Community Group Created to Enhance Safety

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Volunteers with DCSafetyNet, Gregor Young, Chander Jayaraman, Rev. Kelli Jareaux, Will Saetren and the Mayor’s Ward 6 Liaison Edward Doxen outside the Potomac Avenue Metro stop. | Courtesy DC SafetyNet.

A group of concerned D.C. residents have come together to start an organization that they hope, with any luck, won’t be around in five years.

DCSafetyNet is working to raise awareness and to suggest and try out solutions and tactics to keep residents safe.
The acting co-chair of DCSafetyNet, Richard Lukas, said that even though D.C. seems to have an interest group for everything imaginable, there was not one dedicated solely to the safety of its residents.

“We feel as citizen advocates, we are able to be flexible in trying things out that our government is not,” he said. “We feel by just putting out numbers about how much crime is happening, we are playing an accountable role for D.C. government.”

The Metropolitan Police Department reports that between the 2008 and 2012 homicide rates steadily decreased, but they began to rise again, with a 54 percent spike, between 2014 and 2015. The total number of violent crimes between 2014 and 2015 have seen a 2 percent increase, as well.

Wards 7 and 8, especially, have experienced an increase in violent crimes, including homicides, assaults with a dangerous weapon, robberies with a gun and theft. While D.C. officials have suggested several possible reasons for the 2015 increases, 2016 is on track to be just as violent.

Lukas said that since Metro adopted a policy to allow D.C. school children to ride for free, the Metro has become a “playground” for youth. In the past two weeks alone, two 15-year-old boys were killed at the Deanwood Metro station by other young males.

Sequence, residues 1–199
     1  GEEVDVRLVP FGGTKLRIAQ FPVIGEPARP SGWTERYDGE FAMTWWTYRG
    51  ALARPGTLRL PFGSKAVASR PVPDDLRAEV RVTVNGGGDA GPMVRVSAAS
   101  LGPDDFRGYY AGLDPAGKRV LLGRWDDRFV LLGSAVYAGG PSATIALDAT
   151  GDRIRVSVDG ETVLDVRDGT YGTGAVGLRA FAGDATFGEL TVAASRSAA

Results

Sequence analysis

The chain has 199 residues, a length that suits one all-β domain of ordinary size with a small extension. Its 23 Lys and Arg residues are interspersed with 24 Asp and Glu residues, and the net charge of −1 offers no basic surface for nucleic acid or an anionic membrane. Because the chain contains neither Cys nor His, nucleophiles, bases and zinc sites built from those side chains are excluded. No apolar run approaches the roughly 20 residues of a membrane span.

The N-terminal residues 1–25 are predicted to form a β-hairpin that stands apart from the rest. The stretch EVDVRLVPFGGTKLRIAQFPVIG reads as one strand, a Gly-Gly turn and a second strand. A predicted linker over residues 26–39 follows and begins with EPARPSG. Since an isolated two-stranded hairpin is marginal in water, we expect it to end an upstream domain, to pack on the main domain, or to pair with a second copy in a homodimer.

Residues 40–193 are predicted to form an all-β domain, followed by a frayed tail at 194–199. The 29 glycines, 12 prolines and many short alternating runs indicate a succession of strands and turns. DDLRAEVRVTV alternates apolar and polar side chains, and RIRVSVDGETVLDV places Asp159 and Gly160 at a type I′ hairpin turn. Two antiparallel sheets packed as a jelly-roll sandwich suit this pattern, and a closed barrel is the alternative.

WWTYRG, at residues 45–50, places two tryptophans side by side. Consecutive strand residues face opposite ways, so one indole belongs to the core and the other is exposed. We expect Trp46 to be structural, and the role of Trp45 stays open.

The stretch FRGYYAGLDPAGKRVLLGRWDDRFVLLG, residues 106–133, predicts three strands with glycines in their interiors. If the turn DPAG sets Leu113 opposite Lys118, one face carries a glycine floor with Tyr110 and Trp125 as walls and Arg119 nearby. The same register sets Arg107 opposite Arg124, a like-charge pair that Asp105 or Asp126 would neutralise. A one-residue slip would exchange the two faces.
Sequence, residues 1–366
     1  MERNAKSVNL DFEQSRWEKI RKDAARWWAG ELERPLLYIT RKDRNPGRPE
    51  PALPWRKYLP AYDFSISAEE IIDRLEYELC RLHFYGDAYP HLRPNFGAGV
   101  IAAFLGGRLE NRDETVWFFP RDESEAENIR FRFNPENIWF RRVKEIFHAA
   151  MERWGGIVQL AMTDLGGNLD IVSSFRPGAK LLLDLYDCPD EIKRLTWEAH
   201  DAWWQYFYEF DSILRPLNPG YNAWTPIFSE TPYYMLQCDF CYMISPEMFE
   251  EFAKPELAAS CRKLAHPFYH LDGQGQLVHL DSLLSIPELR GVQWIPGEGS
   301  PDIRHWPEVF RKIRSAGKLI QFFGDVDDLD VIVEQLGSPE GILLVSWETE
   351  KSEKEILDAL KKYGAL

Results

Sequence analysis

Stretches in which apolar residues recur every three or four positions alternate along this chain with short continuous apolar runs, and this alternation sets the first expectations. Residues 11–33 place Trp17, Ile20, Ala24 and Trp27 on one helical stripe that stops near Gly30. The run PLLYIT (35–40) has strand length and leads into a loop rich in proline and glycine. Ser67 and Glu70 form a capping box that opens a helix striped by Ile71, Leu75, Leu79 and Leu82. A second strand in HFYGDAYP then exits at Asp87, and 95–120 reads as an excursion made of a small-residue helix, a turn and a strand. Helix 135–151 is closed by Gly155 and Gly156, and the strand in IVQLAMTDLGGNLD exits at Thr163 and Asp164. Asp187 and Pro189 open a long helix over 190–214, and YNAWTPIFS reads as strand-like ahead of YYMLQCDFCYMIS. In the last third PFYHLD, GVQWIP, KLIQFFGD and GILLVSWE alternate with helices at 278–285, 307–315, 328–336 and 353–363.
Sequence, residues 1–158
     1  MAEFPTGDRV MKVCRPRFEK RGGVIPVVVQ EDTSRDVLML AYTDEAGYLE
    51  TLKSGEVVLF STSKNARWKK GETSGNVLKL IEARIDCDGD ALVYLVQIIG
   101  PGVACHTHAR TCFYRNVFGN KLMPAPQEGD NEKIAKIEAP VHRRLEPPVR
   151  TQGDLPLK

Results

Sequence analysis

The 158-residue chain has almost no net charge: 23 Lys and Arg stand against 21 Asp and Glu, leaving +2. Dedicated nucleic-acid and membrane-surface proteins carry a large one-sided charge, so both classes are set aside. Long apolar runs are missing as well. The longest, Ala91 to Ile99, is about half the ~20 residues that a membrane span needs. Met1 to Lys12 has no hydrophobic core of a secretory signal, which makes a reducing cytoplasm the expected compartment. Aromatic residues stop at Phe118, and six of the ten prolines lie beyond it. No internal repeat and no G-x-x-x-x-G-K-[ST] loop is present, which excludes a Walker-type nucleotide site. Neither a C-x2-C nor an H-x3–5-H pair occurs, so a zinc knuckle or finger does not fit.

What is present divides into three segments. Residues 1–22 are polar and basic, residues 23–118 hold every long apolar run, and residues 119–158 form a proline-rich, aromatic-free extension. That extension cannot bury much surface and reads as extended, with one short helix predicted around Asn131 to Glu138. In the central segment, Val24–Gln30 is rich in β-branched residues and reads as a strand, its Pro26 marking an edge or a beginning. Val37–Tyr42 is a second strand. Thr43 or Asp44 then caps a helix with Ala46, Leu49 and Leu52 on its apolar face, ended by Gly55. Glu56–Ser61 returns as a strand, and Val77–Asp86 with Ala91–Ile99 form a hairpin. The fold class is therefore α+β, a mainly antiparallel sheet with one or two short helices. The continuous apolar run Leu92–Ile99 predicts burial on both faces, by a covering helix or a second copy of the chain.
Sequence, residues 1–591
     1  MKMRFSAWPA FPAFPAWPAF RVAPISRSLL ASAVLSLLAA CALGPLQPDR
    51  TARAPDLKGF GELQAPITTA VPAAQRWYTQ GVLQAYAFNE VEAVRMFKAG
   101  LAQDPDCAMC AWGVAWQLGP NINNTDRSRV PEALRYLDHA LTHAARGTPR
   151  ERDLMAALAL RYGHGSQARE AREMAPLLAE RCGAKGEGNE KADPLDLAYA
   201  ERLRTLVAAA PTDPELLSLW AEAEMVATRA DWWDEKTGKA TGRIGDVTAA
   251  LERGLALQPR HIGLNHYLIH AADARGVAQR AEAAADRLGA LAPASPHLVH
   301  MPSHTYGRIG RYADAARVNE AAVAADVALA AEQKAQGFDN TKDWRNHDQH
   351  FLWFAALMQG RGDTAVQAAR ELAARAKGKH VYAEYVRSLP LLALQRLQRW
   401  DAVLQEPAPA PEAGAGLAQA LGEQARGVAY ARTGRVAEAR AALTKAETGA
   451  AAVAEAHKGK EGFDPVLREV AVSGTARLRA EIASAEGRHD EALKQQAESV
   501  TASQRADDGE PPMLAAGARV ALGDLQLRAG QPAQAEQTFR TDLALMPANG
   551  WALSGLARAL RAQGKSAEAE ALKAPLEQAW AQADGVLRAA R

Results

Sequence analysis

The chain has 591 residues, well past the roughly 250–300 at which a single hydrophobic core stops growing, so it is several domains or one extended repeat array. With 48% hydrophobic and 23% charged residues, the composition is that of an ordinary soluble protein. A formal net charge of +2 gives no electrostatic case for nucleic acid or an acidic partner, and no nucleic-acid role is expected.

“Others have said many crimes are becoming more brazen,” Lukas said. “There are more daylight robberies, assaults and homicides, by youth, especially. They are taking up violence as the first way to resolve conflict.”

DCSafetyNet set up a pilot program called SafeRoutes, where volunteers wore bright green vests and carried whistles in case they witnessed crime happening. They were stationed outside the Potomac Avenue Metro stop between 5:30 and 7:30 p.m. to put more “eyes and ears” in the community. The goal was to make people feel safer while commuting.

During the two-week pilot program, Lukas said volunteers heard from many concerned neighbors that the SafeRoutes program instilled greater confidence in their ability to walk about their community safely.

“We have learned many valuable lessons,” he said. “This exercise allowed us to measure the community’s support for it, to hear how people feel about their neighborhood’s public safety and to learn what it takes to sustain such an initiative.”

Lukas said that if DCSafetyNet receives a commitment from 40 or more people to volunteer for one to two hours a month, a SafeRoute program can be set up at the Potomac Avenue Metro station.

“If there is enough community support for such an activity, we have a system in place that would allow us to continue the SafeRoutes program, including an IT framework for volunteers to sign-up and a stock of vests and personal safety alarms,” he said.

The SafeRoutes program is not the only resource DCSafetyNet offers to community members. They also promote neighborhood watch and self-defense trainings, in addition to advocating for more evenly distributed policing efforts in the District.

Although DCSafetyNet has not taken a stance on any policy issues thus far, Lukas said that in February a group of people within DCSafetyNet was launched to begin getting legislation passed.

Lukas hopes crime rates in D.C. decrease so DCSafetyNet will not be necessary five years from now.

“We want people to have confidence to walk around their neighborhoods,” he said. “We want people to have a happy and positive experience with DCSafetyNet.”

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